New technique uses the study of small molecules to understand maternal and fetal health

Pregnant woman with bowl of fresh vegetables, broccoli, leaf salad, tomato.
Pregnant woman with bowl of fresh vegetables, broccoli, leaf salad, tomato. Healthy nutrition during pregnancy. Prenatal care and clean eating while expecting baby.

Understanding maternal health at the cellular level can help make dietary recommendations for a healthy pregnancy

A pregnant woman’s diet affects not only her own maternal health but that of the developing fetus. But how can doctors know what diet to recommend that could increase the chances of a healthy pregnancy and baby? Scientists can use metabolomics, the study of small molecules known as metabolites present in biological samples such as cells, tissues, or organisms to understand human health.  By analyzing metabolites, they can identify biomarkers and mechanisms involved in disease and development. 

Metabolomics analysis faces challenges when being applied to large-scale studies due to low sample throughput, high costs, and poor sensitivity. Due to these challenges, metabolomic studies on the diets of ethnically diverse populations of pregnant women to evaluate the effects on maternal and fetal health have been limited. Currently assessments of diets rely on self-reporting questionnaires that may carry some user bias when documenting food intake alone. Understanding the effects of a mother’s diet on maternal and fetal health at the molecular level can lead to diet recommendations that will aid in a baby’s healthy development.

New analytical technique is cheaper and more practical for separating and analyzing small molecules

To address the challenges of analyzing metabolites, Dr. Britz-McKibbin and his team who are leading the McMaster node of The Metabolomics Innovation Centre, are working on a new technique involving metabolomics. The method they have developed is practical and cheaper when compared to other separation and analytical techniques, especially when working with samples of small amounts.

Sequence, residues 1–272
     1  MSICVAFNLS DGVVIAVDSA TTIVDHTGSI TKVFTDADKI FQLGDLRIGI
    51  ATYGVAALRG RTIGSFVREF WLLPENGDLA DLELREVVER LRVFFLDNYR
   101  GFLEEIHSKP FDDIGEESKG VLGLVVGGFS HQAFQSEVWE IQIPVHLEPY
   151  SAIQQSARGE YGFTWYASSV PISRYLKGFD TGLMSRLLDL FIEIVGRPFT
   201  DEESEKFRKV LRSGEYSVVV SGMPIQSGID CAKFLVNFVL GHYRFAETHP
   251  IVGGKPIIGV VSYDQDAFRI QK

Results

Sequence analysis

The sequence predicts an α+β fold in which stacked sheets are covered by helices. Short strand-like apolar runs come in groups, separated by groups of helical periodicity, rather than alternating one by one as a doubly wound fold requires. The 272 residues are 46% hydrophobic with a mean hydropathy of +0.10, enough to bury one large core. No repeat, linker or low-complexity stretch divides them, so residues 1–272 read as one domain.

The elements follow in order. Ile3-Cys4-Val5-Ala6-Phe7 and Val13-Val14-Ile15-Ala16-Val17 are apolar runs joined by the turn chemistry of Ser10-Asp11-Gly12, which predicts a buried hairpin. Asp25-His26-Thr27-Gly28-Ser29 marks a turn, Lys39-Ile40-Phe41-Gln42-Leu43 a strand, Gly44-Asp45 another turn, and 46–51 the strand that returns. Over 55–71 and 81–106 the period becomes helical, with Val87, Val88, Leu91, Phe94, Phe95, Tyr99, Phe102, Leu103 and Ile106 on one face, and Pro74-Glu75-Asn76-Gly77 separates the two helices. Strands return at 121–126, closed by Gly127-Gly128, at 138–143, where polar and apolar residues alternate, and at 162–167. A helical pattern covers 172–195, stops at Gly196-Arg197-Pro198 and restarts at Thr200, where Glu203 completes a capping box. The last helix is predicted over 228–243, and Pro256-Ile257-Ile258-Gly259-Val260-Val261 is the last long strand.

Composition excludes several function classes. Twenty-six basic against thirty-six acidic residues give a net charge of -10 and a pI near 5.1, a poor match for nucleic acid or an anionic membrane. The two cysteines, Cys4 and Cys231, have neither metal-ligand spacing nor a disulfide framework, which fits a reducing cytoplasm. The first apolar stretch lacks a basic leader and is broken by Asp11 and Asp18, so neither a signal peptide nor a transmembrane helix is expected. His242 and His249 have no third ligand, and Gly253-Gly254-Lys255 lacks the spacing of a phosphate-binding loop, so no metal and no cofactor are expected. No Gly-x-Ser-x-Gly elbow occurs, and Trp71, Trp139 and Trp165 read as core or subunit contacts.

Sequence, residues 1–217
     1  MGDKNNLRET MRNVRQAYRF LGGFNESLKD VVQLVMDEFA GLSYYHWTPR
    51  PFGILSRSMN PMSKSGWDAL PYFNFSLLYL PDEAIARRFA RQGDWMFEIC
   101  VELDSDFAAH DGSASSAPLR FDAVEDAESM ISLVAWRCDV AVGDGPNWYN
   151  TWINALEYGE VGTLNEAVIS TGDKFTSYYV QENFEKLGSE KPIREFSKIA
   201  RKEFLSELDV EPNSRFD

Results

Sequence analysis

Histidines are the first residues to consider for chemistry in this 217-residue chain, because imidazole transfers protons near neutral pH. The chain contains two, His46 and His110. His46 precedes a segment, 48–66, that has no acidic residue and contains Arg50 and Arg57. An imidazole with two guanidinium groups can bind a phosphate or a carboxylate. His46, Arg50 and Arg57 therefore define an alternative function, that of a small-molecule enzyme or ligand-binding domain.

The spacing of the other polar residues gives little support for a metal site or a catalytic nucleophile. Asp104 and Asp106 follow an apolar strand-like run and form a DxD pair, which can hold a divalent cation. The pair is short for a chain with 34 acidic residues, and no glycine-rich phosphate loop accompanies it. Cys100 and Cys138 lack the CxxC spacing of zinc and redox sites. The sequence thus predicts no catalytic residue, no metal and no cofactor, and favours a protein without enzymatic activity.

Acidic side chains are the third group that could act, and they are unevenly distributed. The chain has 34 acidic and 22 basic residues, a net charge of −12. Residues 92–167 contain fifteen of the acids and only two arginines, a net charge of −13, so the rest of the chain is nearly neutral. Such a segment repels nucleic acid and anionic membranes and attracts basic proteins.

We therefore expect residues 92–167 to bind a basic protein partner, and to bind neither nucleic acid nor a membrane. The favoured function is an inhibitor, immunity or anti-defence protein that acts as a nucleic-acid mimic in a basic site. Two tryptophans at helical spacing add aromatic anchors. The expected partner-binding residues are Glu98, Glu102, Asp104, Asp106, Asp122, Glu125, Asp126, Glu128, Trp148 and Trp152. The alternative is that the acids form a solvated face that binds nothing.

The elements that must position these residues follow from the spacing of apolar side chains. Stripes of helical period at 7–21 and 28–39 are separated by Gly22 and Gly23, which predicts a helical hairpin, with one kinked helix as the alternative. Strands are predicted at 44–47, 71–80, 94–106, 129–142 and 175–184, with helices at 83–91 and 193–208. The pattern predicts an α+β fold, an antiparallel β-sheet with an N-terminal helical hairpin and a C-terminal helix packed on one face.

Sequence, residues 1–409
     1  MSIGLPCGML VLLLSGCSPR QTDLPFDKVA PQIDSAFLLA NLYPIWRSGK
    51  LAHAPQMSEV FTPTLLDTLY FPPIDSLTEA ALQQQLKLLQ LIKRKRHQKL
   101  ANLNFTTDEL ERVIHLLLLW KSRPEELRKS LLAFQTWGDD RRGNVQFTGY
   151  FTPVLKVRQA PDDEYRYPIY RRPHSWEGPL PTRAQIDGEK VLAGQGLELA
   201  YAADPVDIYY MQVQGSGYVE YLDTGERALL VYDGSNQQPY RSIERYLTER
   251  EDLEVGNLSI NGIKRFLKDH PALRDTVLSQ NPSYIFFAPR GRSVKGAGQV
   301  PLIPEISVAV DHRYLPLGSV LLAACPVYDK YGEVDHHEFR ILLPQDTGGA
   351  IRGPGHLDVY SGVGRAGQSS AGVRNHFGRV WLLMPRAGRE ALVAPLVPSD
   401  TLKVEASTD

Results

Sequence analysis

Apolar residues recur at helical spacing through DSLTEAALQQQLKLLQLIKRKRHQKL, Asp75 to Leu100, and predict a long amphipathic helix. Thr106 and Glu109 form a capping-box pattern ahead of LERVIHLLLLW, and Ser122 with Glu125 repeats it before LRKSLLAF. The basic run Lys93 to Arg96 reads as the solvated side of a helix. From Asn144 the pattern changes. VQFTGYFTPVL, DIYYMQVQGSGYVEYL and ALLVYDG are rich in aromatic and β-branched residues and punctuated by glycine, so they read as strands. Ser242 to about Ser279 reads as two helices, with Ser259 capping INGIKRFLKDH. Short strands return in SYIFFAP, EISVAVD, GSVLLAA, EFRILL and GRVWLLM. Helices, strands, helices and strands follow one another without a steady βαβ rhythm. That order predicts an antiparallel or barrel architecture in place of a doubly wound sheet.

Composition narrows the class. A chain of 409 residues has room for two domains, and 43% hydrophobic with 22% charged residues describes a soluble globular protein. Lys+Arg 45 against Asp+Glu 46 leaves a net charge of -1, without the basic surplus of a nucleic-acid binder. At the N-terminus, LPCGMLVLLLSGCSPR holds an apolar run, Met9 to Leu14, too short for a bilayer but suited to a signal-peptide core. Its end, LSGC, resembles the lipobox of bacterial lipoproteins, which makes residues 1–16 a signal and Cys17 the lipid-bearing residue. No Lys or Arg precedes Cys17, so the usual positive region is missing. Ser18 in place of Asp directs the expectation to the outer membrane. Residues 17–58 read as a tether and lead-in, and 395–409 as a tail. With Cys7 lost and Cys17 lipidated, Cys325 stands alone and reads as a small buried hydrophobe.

Metabolite analysis could help assess dietary effects on maternal, fetal, and childhood health

The new technique was used in a study of 1,004 pregnant women in their second trimester. The women in this study identified as either Caucasian, South Asian, or Aboriginal, highlighting a more representative and diverse population of pregnant women from across Canada. The study identified reference measurements for 53 (out of 66) serum metabolites studied and associated them with specific foods reported by the pregnant women in the study. The use of these serum biomarkers to determine the associated risk for gestational diabetes and childhood obesity of the offspring is currently under investigation.

Ultimately by using metabolomics to assess dietary effects on maternal, fetal, and childhood health, dietary recommendations could be made to expecting mothers. This new technique could result in a routine and cost-effective way to improve risk assessment of maternal health conditions and childhood health outcomes.

Additional Resources
  • Scientific article in Nature Protocols “The maternal serum metabolome by multisegment injection-capillary electrophoresis-mass spectrometry: a high-throughput platform and standardized data workflow for large-scale epidemiological studies”

Author: Vanessa Carias  | Published date: March 30, 2021

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